A new ant species, Colobopsis explodens, was recently identified. Similar to other exploding ant species, Colobopsis explodens is capable of bursting their body to kill or injure its foe in an effort to defend the nest. It will be used as a model species to lay groundwork for more research on exploding ants.
Colobopsis explodens and autothysis
Through the collaborative effort of research teams from Austria, Brunei, and Thailand, 15 distinct species of exploding ants were recently reported and Colobopsis explodens was one of them.1 These fascinating ant species are described as exploding ants because of their uncanny ability to burst their body as they will. This self-destructing act is referred to as autothysis and these exploding ants are willing to use them in combat even as an initial resort. Minor worker ants, in particular, burst to release a bright yellow sticky liquid from their glands as a way to ward off or destroy other arthropods or animals threatening their colony.2 Apart from minor ant workers, Colobopsis explodens major workers were observed to display a fascinating defensive behavior. Furnished with huge heads, the major workers use them as plugs at the entrances of their nest to thwart the entry of invaders.2
Autothysis is not unique to Colobopsis explodens
Colobopsis explodens and other exploding ants are not the only insects capable of autothysis. Globitermes sulphureus termite soldiers are known for a similar suicidal behavior. They contract their abdominal walls to cause the rupture of a specialized frontal gland containing a sticky liquid in order to entangle their arthropod foes.3 Another species of termites, from the family Serritermitidae, is capable of autothysis as well. Soldier termites rupture their body inside their nest – an indication that the intent is not to kill but an effort to block tunnels to prevent invaders from entering.4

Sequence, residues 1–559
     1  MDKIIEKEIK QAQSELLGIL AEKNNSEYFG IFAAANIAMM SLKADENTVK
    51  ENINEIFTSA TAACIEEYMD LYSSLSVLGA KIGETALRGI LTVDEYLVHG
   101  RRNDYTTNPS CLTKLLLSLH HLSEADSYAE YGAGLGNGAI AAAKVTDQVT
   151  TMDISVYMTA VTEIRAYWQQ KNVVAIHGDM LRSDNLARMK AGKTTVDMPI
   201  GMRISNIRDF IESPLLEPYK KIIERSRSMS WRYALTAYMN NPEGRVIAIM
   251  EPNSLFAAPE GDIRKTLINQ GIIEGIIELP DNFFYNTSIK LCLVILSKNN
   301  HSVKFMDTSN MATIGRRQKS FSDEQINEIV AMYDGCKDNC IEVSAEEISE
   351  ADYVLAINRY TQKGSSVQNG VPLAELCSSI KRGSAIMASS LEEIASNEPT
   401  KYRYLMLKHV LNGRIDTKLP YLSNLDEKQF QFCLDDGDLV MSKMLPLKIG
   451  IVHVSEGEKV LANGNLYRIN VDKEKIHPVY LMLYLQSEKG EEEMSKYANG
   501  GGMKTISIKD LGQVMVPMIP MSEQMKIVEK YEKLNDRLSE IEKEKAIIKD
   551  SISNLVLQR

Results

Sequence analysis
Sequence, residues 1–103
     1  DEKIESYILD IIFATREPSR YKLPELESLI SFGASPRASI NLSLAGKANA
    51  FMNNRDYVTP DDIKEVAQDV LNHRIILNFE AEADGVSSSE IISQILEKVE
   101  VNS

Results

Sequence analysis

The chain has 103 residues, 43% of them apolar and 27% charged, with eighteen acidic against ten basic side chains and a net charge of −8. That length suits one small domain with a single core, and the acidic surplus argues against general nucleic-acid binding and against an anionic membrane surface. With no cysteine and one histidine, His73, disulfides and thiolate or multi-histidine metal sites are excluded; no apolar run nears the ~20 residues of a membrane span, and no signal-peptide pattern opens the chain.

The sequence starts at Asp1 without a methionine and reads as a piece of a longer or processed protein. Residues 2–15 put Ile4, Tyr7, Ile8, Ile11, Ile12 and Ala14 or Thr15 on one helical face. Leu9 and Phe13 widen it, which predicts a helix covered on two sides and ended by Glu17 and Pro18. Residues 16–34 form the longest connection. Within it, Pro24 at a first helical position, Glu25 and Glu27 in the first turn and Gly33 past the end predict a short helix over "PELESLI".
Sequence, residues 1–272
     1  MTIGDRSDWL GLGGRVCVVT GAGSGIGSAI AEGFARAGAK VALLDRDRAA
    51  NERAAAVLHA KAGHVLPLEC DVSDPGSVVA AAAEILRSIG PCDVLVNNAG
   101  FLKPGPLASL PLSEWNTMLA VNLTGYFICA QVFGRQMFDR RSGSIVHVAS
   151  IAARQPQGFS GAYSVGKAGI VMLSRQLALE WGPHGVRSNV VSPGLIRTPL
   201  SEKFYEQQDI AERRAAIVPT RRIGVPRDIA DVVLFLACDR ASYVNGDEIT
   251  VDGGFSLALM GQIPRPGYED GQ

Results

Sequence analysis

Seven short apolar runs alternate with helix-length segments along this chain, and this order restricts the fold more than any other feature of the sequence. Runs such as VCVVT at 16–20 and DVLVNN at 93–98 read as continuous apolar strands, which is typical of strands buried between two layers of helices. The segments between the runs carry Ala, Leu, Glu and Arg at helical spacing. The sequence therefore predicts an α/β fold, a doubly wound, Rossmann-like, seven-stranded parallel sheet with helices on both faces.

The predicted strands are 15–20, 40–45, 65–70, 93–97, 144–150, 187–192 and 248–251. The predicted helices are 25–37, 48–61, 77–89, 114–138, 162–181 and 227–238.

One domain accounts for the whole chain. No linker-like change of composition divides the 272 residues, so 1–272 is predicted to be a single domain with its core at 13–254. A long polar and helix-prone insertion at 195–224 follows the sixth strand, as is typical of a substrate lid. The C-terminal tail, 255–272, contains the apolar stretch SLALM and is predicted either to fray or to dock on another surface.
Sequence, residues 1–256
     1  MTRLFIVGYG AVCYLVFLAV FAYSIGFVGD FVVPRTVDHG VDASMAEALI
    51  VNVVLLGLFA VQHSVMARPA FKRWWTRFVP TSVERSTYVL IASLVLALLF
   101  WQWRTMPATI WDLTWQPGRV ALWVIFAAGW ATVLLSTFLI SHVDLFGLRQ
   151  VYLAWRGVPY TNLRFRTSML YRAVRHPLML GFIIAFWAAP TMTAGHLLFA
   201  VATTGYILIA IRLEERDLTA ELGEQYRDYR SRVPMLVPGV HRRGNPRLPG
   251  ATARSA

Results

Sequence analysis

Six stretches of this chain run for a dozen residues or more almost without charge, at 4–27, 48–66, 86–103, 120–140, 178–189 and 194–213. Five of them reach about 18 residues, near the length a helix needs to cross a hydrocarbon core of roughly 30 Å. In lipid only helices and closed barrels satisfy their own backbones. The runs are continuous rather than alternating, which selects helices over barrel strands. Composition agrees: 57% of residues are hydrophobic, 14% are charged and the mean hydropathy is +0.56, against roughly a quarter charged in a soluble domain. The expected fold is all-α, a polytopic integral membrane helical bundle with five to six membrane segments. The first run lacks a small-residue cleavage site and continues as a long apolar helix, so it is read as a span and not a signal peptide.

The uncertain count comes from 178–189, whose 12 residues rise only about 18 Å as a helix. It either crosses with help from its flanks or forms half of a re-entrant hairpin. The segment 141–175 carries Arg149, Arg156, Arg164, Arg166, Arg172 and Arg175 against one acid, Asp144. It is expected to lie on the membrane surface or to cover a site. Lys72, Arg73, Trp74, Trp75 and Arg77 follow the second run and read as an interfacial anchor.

Colobopsis explodens as a model species
What is known about the autothysis behavior of exploding ants is that they use it to kill a foe during a single combat. The ant wraps around itself to its enemy to make sure that when it self-destructs its foe will also be killed or at least injured. The fascination shown by the research teams on exploding ants signifies that Colobopsis explodens is only the beginning of a more profound research. More explorations are foreseen as the teams plan on tracking them down and record their activities. Colobopsis explodens is selected as the model species and soon enough, its biology, chemical profile, evolution, behavior, and ecological significance will be put forth.2
Autothysis seen in Colobopsis explodens is just one of the various sophisticated strategies used by insects during a chemical warfare to fend off their foes. It may seem a high price to pay but these insects would not dither using it even as an initial resort. Colobopsis explodens and all the other exploding ants are a nature’s paragon of valour for their willingness to sacrifice life itself for the benefit of the whole.
— written by Maria Victoria Gonzaga
1 Laciny, A., Zettel, H., Kopchinskiy, A., Pretzer, C., Pal, A., Salim, K.A., Rahimi, M.J., Hoenigsberger, M., Lim, L., Jaitrong, W., & Druzhinina, I.S. (2018). Colobopsis explodens sp. n., model species for studies on “exploding ants” (Hymenoptera, Formicidae), with biological notes and first illustrations of males of the Colobopsis cylindrica group. ZooKeys 751: 1-40. https://doi.org/10.3897/zookeys.751.22661
2Pensoft Publishers. (2018, April 19). New ant species from Borneo explodes to defend its colony. ScienceDaily. Retrieved from www.sciencedaily.com/releases/2018/04/180419131116.htm
3 Bordereau, C., Robert, A., Van Tuyen, V., & Peppuy, A. (1997). “Suicidal defensive behavior by frontal gland dehiscence in Globitermes sulphureuS Haviland soldiers (Isoptera)”. Insectes Sociaux. 44 (3): 289–297. doi:10.1007/s000400050049
4 ŠobotnÍk, J., Bourguignon, T., Hanus, R., Weyda, F., & Roisin, Y. (2010). “Structure and function of defensive glands in soldiers of Glossotermes oculatus (Isoptera: Serritermitidae)”. Biological Journal of the Linnean Society 99 (4): 839–848. doi:10.1111/j.1095-8312.2010.01392.x